Let's imagine for a moment that there was no colonization

that there was no colonization.
What would be happening today in these places ?
Of Course, I mean the areas that presently named as such.
Would we be looking at pristine jungles teeming with flora and fauna with native populations like the Zulu,Matabele, Maori and Aztec living in harmony with nature only taking from it that they need to ? One example being the native population of North Sentinel Island in the Andaman and Nicobar island chain.
Would there still be violence as in tribal wars ?
What would the population numbers be like ?
Diseases ?
This subject came up in a discussion I had with some colleagues from West Africa.
What would be happening in the good ol’ US of A and Canada ?

Human nature being what it is, those places would likely have many of the same human caused ills they have now, but at least the indigenous people would be the ones determining that future; reaping the rewards and disasters of their own making.

No population of humans has ever lived in that way.

Nothing much. Olduvai Gorge would be pretty crowded, though.

What would happen if there was no colonization? Starting when in history? Are we talking population growth without expansion?

Yes. Population growth and nature.
I guess without major transoceanic voyages as with the
European expeditions in the 14th century to find spice routes
That’s why I cited the Sentinel islands. Reputed to be almost totally isolated from the outside world. What would have been the present state of continents like S.America and Africa if left untouched with their pre 14th century native populations.
Would we be looking at gigantic herds of elephants , lions and other extinct animals ?
My friends that I talked about were of the opinion that the African continent would have been doing just fine with its original inhabitants . Of course technology was never part of the discussion. Just the ‘what if’ part. :slight_smile:
My friends despite having left their countries years ago still retain an extremely strong tribal identity.


You seem to be assuming that urbanisation and agriculture only arise as a consequence of colonisation. This is completely wrong.

“Uncontacted” and “uncolonized” mean two completely different things, and I’m not sure how it would’ve even been possible to get to the 21st century without the people of the Old World discovering the New or vice versa.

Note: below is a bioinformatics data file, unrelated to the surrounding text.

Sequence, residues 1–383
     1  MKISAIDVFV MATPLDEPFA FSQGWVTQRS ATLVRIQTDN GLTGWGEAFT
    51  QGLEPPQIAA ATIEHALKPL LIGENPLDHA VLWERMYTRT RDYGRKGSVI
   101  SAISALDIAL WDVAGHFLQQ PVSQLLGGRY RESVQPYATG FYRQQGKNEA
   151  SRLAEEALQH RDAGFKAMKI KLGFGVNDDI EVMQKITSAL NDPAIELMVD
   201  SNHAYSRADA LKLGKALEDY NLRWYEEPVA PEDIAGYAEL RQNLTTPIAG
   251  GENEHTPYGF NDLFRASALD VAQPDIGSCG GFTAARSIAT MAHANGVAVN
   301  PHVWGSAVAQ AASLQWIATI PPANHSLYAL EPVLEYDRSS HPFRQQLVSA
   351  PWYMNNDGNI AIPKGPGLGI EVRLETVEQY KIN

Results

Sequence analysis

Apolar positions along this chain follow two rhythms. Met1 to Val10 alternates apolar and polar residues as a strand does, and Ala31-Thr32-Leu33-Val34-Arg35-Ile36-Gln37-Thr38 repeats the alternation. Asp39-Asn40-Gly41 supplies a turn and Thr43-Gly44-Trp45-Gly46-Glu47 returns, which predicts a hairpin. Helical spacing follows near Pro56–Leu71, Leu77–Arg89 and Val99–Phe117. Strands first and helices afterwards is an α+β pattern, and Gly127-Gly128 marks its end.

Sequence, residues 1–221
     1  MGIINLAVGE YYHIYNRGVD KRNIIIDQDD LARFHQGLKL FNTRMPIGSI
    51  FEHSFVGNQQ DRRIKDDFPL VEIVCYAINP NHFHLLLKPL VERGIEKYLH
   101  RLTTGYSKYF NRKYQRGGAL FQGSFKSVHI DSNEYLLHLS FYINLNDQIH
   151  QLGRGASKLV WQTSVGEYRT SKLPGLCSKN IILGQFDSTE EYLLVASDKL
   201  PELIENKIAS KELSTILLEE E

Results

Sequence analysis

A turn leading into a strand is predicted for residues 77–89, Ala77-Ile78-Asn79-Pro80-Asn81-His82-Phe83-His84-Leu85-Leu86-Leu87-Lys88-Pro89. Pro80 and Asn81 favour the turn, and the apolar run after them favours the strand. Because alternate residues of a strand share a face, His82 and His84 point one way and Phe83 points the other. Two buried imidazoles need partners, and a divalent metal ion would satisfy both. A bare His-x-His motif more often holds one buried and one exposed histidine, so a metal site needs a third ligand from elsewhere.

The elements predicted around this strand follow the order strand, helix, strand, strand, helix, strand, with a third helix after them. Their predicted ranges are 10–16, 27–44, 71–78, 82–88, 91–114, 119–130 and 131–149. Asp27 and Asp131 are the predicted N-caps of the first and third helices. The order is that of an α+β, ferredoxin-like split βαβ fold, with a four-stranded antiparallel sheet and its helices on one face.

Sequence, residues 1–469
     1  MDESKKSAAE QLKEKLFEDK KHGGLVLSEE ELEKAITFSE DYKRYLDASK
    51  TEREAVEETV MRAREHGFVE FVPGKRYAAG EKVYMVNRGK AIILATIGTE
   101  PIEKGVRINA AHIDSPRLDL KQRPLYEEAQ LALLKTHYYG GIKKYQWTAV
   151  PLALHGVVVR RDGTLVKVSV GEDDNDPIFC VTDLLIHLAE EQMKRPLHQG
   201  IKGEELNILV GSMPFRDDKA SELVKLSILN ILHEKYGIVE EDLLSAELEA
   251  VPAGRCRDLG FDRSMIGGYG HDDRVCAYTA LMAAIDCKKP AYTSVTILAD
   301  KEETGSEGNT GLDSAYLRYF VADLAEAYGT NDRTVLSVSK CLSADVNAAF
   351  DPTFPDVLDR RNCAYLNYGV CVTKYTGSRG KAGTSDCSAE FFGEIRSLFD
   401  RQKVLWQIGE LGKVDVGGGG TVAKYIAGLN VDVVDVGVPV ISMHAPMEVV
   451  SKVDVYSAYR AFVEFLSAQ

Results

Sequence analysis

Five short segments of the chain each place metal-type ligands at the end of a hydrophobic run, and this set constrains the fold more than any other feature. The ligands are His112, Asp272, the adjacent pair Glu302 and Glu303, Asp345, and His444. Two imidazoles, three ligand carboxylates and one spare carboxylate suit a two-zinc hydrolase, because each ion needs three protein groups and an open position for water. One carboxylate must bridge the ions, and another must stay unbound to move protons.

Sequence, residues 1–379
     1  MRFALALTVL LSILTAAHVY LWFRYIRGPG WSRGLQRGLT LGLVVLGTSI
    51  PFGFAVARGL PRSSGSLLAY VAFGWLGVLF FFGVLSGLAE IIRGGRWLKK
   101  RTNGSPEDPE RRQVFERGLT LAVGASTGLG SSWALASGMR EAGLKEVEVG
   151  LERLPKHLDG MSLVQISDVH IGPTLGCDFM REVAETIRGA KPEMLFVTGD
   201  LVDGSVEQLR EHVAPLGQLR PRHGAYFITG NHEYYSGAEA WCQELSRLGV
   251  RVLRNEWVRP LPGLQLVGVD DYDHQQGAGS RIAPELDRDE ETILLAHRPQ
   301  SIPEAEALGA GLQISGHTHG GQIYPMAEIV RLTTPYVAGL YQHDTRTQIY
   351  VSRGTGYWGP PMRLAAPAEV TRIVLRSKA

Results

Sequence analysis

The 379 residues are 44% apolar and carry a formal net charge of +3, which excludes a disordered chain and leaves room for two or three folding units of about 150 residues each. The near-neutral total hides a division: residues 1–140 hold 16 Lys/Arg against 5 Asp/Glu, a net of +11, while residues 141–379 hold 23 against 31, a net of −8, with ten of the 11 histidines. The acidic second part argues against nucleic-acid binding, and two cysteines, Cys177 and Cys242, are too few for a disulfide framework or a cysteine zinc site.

It’s a little easier to imagine a timeline where the relationship between Europe and the rest of the world is strictly trade-based with limited migration, but as @Elmer_J.Fudd said, we’d still wind up with a world that looks a lot like the one we have today, except that maybe the Aztec Empire would be a global superpower.

Apparently long-range aircraft, satellites and the space program in general never develop.

I am trying to imagine.
I am pretty sure there were city like population centres and agriculture before colonization as proven by places like Mohenjo Daro and Harappa or the place in Rhodesia where they found the stone falcons.
Do you think urbanization is an inevitable thing when it comes to humans ?

Cahokia was larger at its peak than London was at the time, and their civilization hadn’t even developed the wheel or written language.

Elephants and lions are extinct?

Curious- What was the population of London in 1350 CE (and wasn’t that back when the Black Death was winding down?)

Roughly 70,000 before the Black Death and 40,000 after, per this cite.

Of course, Cahokia was already long past its prime by then - its peak was in the 11th century, when it rivaled London’s population of around 18,000.

Not to mention the city-states of Central America.

From The Dawn of Everything by Graeber & Wengrow:

In his Five Letters of Relation, written between 1519 and 1526, Hernán Cortés recounts his entry to the mountain-ringed Valley of Puebla, on the southern tip of the Mexican altiplano.

The valley at that time sheltered numerous native cities, of which the largest included pyramid-studded Cholula, and also the city of Tlaxcala. …

Cortés estimated the population of Tlaxcala and its rural dependencies at 150,000.